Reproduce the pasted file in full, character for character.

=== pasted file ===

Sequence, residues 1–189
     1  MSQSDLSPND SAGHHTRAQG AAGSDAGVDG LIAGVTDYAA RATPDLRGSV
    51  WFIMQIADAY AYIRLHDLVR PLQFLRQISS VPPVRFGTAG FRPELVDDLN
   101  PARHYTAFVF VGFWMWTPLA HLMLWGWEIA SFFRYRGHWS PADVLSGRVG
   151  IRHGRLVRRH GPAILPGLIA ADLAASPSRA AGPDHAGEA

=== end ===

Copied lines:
Sequence, residues 1–189
     1  MSQSDLSPND SAGHHTRAQG AAGSDAGVDG LIAGVTDYAA RATPDLRGSV
    51  WFIMQIADAY AYIRLHDLVR PLQFLRQISS VPPVRFGTAG FRPELVDDLN
   101  PARHYTAFVF VGFWMWTPLA HLMLWGWEIA SFFRYRGHWS PADVLSGRVG
   151  IRHGRLVRRH GPAILPGLIA ADLAASPSRA AGPDHAGEA